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Solstice restaurant gets green light for Village at Newtown


The Newtown Township Board of Supervisors voted 4-1 in favor of granting OMD Prospect LLC a conditional use permit to operate a 6,700-square-foot restaurant at 2948 South Eagle Road in the Village at Newtown shopping center.

Late last year, the operators of the restaurant secured a liquor license transfer from a shuttered Bertucci’s restaurant in Warrington, with plans on opening a Steak Bar by Shula’s, named for the former Miami Dolphins football coach.

Since then, the plan changed. OMD is now planning the first of its Solstice brand eateries at the Eagle Road location, which includes seating for 92 diners in an 1,800-square-foot section outdoors. Another 159 can be seated inside the restaurant, which will still be serving steaks with the Shula brand.

At the June 12 meeting, Board Chairman Phil Calabro cast the lone dissenting vote against granting the permit.

“My vote is not a reflection of your success; I want you to be successful,” said Calabro. “My vote is a rebuke of the size of the building and the square footage.

“It has to stop somewhere; we’re just getting bigger and bigger with these restaurants taking up space and a lot of outdoor space.”

Solstice is not the largest restaurant set to open in Newtown. That honor belongs to Iron Hill Brewery, which plans to operate a 7,500 -square-foot eatery at 2920 South Eagle Road.

With an expected opening in the spring of 2020, Iron Hill will seat 260 diners indoors and another 100 outside.

Newtown’s bills were over $915,000 last month. That’s because the township had to allocate over $511,000 toward debt service that includes a large payment on the municipal complex as well as the final installment on a $1 million road program in 2017.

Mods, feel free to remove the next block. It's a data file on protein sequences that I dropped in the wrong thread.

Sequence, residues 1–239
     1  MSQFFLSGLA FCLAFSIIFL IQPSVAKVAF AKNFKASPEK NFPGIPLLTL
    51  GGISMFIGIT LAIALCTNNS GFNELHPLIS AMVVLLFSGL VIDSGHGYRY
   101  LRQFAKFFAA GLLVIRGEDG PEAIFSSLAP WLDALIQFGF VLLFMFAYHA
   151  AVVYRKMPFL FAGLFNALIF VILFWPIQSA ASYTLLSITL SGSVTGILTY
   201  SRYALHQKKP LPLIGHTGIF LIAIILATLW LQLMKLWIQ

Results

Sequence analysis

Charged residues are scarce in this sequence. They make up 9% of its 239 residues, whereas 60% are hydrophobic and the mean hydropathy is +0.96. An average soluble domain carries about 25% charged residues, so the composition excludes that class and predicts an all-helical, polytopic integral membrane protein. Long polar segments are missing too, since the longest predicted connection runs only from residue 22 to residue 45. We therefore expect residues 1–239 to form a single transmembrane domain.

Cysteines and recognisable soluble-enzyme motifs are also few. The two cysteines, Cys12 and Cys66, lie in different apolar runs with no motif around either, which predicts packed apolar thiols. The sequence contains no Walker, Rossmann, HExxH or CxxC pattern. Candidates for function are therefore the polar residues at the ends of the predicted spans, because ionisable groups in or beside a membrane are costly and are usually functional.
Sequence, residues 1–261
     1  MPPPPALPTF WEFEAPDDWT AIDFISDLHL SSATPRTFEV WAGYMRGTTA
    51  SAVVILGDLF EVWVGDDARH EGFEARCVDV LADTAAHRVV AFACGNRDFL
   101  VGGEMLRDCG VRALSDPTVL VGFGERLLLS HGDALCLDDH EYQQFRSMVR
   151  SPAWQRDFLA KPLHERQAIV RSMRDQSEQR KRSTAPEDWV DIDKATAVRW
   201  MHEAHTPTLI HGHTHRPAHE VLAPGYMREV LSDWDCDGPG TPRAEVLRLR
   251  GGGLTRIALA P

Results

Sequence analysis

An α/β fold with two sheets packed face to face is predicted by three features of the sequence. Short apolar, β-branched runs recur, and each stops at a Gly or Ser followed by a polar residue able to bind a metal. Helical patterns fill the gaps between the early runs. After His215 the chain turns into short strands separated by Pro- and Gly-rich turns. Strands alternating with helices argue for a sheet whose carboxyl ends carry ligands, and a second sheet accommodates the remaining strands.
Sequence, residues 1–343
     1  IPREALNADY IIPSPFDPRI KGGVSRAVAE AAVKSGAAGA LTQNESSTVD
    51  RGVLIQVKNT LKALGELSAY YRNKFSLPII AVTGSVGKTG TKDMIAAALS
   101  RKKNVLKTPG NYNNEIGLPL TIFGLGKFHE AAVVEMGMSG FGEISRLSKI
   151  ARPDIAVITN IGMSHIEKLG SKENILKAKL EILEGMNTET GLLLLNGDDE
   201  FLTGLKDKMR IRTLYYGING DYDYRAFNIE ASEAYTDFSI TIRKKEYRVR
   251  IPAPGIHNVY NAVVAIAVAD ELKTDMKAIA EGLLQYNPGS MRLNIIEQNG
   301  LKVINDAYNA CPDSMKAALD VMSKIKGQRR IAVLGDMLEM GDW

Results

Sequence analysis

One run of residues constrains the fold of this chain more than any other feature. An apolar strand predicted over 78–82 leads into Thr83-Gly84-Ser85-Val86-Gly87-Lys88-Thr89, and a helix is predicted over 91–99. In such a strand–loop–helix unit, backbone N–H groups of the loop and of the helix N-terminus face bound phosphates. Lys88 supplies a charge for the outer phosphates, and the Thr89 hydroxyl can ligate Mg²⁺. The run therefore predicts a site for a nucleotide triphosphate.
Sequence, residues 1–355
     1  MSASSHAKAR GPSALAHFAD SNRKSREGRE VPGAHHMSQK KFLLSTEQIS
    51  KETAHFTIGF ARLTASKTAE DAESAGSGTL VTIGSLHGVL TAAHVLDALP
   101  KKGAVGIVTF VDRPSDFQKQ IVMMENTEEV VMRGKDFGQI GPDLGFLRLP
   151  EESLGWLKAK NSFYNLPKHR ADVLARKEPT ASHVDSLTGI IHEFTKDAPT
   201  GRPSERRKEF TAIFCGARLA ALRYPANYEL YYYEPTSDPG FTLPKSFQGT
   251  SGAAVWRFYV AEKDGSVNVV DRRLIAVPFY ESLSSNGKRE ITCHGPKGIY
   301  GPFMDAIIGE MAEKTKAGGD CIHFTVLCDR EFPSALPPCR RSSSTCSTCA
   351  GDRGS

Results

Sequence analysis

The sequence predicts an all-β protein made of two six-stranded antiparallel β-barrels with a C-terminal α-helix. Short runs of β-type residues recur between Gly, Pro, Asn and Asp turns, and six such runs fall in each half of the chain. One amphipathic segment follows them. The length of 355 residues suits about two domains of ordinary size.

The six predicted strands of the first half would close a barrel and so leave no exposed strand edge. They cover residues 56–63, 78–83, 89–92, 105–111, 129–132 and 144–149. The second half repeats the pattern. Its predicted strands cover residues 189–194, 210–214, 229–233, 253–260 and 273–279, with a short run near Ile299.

During public comments, Dennis Schoener, vice president of the Eagle Ridge Community Association, asked if the township could help pay the association’s legal fees in its lawsuit against Arcadia Land Development Company. Solicitor David Sander said, “no.” Newtown officials do not have that authority according to the Second Class Township Zoning Code.

Still, Schoener expressed his displeasure at the timeliness, or what he sees as the lack therof, of the township’s notification of its most recent denial of Arcadia’s third Planned Residential Development proposal, which sought permission to build 23 single homes and 53 townhouses on a 22.5-acre parcel of land once known as the Wynmere-Karr tract located at the corner of Buck Road and the Newtown Bypass.

The proposed development, now the subject of multiple appeals in Bucks County Court, goes back to 2015 when the supervisors rejected Arcadia’s plan to build 33 single homes on 19.2 acres.

In police matters, township cops issued 281 traffic citations last month as part of an aggressive driving campaign. They also helped apprehend a man with a gun in Newtown Borough and arrested the operator of a car that hit a pedestrian on Sycamore Street in the early morning hours of May 4.